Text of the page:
Music News

With its Mile High Voltage Festival, the Newman Center makes classical music more accessible to the masses

Quick: When you think of classical music, what are the first things that come to mind? Okay, time's up. We're gonna guess you conjured up images of stoic academicians playing stodgy, archaic music by dead guys for a roomful of well-heeled intellectuals within the impeccable confines of a sterile music hall. You probably didn't dial up words like young, hip or progressive. Are we close?

Thought so. And that's exactly the mindset that the folks at the Newman Center are aiming to change with the inaugural Mile High Voltage Festival, an event geared toward making classical music accessible to the mainstream.

Although neo-classical is a relatively new thing in Denver, in New York there's a burgeoning scene of young classical musicians who are helping bring classical music into the modern era. Many of the acts are on the Cantaloupe Records imprint (born out of the Bang on a Can Festival) or have worked with festival curator Peter Robles. And the Newman Center is working with both to create this weekend's event.

We spoke with former Skull Flux frontman Conrad Kehn, who now performs with the chamber group Playground, the only non-New York act appearing at the fest, and asked him to break down the movement to make classical music exciting and relevant for neophytes.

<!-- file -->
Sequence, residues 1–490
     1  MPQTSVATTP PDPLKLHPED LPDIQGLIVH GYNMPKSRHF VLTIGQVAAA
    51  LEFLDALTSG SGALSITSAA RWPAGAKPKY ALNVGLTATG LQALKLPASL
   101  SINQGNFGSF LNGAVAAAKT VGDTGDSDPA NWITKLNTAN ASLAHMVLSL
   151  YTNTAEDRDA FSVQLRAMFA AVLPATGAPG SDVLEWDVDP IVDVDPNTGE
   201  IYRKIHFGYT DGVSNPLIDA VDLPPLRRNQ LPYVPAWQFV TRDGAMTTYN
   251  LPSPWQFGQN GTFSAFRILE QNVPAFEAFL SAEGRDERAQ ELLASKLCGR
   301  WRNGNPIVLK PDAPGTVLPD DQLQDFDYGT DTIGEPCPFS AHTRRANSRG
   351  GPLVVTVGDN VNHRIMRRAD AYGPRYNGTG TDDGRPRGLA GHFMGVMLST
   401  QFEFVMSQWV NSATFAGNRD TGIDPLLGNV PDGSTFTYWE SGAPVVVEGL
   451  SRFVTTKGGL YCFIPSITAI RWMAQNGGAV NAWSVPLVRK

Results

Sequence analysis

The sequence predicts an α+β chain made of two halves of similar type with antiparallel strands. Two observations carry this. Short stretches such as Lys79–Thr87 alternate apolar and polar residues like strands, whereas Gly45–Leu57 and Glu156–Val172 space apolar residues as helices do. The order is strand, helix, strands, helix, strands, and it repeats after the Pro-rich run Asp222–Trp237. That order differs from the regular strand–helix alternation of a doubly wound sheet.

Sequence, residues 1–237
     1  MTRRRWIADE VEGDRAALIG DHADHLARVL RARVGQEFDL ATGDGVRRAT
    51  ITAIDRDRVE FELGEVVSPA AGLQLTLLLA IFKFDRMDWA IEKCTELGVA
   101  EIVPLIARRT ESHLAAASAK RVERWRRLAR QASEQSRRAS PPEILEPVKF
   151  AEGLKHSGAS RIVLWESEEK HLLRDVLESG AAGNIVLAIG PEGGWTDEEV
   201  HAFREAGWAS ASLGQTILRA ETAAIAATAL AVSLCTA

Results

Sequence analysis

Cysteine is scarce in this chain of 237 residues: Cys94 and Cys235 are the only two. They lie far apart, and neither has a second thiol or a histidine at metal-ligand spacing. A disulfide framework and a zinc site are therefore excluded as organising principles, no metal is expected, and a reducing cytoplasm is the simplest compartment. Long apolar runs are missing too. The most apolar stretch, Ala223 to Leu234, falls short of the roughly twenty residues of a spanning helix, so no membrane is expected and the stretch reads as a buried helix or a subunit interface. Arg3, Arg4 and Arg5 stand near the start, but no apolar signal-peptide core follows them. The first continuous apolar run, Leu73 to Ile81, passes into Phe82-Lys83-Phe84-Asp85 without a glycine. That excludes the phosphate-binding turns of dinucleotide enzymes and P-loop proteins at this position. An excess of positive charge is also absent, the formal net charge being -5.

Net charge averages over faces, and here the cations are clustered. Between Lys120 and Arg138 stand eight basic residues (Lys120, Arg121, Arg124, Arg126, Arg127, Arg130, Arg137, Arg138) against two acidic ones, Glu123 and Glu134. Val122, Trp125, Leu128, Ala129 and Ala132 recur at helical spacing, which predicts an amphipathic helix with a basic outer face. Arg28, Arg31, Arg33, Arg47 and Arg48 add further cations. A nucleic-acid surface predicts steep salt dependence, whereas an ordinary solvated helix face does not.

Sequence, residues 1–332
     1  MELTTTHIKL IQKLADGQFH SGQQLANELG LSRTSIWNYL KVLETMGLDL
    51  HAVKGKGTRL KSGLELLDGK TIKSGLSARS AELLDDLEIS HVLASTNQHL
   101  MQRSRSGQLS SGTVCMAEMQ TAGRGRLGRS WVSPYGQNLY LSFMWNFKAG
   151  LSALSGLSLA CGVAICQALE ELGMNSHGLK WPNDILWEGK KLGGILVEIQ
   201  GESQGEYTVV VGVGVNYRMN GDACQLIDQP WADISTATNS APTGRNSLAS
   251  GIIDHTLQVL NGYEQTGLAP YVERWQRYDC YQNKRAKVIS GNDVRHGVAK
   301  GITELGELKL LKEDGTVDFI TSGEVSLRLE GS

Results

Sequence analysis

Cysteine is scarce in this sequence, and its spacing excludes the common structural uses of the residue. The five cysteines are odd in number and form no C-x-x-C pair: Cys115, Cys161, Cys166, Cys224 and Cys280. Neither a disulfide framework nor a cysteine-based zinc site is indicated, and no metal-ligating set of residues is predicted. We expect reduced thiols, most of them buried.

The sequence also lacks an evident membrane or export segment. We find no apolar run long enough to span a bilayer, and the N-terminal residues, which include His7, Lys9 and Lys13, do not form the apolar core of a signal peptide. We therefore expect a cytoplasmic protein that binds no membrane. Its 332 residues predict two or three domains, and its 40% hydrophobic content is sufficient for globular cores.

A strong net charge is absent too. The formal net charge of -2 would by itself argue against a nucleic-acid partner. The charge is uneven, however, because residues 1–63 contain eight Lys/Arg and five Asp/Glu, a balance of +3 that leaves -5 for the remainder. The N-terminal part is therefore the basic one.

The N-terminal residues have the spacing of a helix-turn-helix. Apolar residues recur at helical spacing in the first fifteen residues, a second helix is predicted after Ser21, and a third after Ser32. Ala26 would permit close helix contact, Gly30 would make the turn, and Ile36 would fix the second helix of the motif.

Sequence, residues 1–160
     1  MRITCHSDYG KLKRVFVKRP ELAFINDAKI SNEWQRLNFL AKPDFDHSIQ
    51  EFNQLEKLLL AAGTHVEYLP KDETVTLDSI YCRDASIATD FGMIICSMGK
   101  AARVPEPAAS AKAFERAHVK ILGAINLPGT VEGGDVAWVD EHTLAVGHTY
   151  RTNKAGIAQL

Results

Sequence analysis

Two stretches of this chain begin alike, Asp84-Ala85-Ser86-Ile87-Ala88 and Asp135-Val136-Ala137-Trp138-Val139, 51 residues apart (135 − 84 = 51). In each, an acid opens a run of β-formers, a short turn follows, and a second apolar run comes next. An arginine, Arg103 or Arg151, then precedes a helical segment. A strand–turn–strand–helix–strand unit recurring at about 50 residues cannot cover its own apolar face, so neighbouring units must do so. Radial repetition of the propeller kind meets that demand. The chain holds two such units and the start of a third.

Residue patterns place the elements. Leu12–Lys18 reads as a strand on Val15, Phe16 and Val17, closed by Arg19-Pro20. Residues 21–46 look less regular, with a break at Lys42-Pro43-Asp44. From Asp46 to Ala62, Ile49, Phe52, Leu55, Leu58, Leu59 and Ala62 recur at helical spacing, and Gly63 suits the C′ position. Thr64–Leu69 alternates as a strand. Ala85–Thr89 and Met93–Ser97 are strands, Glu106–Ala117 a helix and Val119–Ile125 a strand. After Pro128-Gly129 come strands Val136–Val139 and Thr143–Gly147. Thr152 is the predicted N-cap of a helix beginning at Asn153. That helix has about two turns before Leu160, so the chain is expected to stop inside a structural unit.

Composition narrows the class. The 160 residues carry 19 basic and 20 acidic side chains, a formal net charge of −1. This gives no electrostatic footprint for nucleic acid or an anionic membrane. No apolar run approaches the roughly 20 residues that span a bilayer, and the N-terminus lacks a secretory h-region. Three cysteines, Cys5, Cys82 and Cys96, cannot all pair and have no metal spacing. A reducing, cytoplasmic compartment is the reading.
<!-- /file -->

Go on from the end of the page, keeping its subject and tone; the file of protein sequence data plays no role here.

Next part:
Westword: Most folks only know the classic composers. How do you think this concept is going to alter their perception of classical music?

Conrad Kehn: There's a lot of pop crossover here, trying to break down stereotypes. The two nights of the festival, Friday and Saturday night, people are allowed to wander in and out of the concert hall, get up, talk. There will be a lounge where audio and video will be piped in. They can buy drinks and food and still watch the concert — things that don't normally happen in a classical concert hall.

It appeals to a younger audience. It's just a lot more interesting and live and exciting than going to see the symphony. The experience is different, too. It's not such a "sit down and be quiet or we're going to beat you" kind of thing, so I think that's part of it. And I think the fact that these artists so readily embrace elements of pop music — whether that's repeated grooves or even just a little bit of hipness factor in the way they present themselves.

What else is unique about this endeavor?

Sö Percussion's set is a commission, a brand-new piece, a Newman Center commission. It's got video and music, and they're going to build an instrument on stage. It's called "Imaginary City." There's going to be two brand-new Newman Center commissions on this program. We're playing the other one.

For more of our interview with Conrad Kehn, visit